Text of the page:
[ RadSafe ] NYC Bans Geiger counters!!!
brent.rogers at optusnet.com.au
Fri Feb 1 22:16:12 CST 2008
I share my thanks too, Wes.
And I agree with your choice of sending your response to Hizonner, the
mayor. If the political pundits are correct, there's a reasonable to strong
chance that he'll be running for president as an independent (and is
apparently willing to part with $1 Billion (USD) of his own private money to
reach that goal). I would imagine that a mayor as a presidential candidate
would ill desire to have such poorly considered laws attributed to his
From: radsafe-bounces at radlab.nl [mailto:radsafe-bounces at radlab.nl] On Behalf
Of BLHamrick at aol.com
Sent: Saturday, 2 February 2008 12:45 PM
To: WesVanPelt at verizon.net; radsafe at radlab.nl
Subject: Re: [ RadSafe ] NYC Bans Geiger counters!!!
Thank you for sharing that. I think it is very important for professionals
in the community to address these types of proposals in writing to the
legislative bodies considering them. The Organization of Agreement States
provided comments on the proposed law to Councilmember Peter Vallone (the
of the Committee introducing the proposal).
I know this has been said before on RadSafe, but I think it bears repeating
- while our discussions here may have great value, it is critically
to the public for us to share our professional expertise with the lawmakers
whenever the opportunity presents itself.
Barbara L. Hamrick
In a message dated 2/1/2008 10:52:26 AM Pacific Standard Time,
WesVanPelt at verizon.net writes:
I see there is continued discussion on the misguided proposed law in NYC.
FYI I attach below the letter I sent to Mayor Bloomberg about a week ago.
Wesley R. Van Pelt, PhD, CIH, CHP
Wesley R. Van Pelt Associates, Inc.
22 January 2008
Mayor Michael R. Bloomberg
New York, NY 10007
Dear Mayor Bloomberg:
I am aware of the introduction and debate over a pending bill before the
York City Council known as "Int. No. 650: A Local Law to amend the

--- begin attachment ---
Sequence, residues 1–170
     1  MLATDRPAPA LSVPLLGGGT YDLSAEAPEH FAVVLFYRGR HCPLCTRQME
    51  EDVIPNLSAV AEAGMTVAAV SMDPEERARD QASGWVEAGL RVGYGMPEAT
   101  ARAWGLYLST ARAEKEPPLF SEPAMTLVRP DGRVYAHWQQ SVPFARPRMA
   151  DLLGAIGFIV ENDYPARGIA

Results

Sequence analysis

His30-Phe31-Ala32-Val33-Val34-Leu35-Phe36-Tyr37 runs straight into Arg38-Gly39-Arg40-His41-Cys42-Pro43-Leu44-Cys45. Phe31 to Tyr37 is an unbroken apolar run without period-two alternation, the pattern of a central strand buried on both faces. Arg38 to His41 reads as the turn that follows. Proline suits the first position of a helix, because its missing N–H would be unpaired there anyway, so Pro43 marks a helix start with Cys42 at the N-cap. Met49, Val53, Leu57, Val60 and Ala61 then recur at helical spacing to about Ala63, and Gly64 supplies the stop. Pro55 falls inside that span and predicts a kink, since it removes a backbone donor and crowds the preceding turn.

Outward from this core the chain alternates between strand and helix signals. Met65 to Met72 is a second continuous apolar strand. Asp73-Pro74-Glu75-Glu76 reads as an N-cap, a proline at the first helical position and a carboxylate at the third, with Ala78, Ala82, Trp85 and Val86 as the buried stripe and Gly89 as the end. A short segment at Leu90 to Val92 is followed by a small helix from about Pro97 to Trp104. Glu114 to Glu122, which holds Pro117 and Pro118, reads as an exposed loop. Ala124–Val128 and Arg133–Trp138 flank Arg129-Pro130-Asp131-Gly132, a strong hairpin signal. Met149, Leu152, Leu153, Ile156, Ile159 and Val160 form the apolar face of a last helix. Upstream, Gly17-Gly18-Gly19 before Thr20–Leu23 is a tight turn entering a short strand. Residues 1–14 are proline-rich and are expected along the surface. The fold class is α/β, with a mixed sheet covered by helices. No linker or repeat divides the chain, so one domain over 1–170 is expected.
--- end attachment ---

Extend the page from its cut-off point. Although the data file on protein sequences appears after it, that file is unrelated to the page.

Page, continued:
administrative code of the City of New York, in relation to permits for
atmospheric biological, chemical, and radiological detectors."
I understand the general intent of NYC to standardize and control the
"alarms" generated when someone might measure the presence of a dangerous
airborne substance. However, the bill is so poorly crafted that it would
not reach its goal. Furthermore, the bill is so overreaching and general
that it would require registration and reporting from persons owning smoke
and carbon dioxide detectors in their homes as well as safety and
hygiene professionals who routinely measure airborne levels of dangerous
gasses in the workplace.
Even if the poor definitions were better crafted to the intended purpose,
the overall approach of registering atmospheric detectors is at best
unconventional and cumbersome. I feel this legislation creates more
concerns than the problem it addresses. Frankly, I am not convinced that
there is a problem.
I recommend you withhold future action on this legislation, invite affected
stakeholders, i.e., citizens, law enforcement, government officials,
professionals in health and safety, and others to begin a dialogue that
produce a product that protects the health and safety of citizens through
the combined resources of experts in all fields.
Thank you for your time and consideration.
Very truly yours,
WESLEY R. VAN PELT ASSOCIATES, Inc.
Wesley R. Van Pelt, Ph.D.
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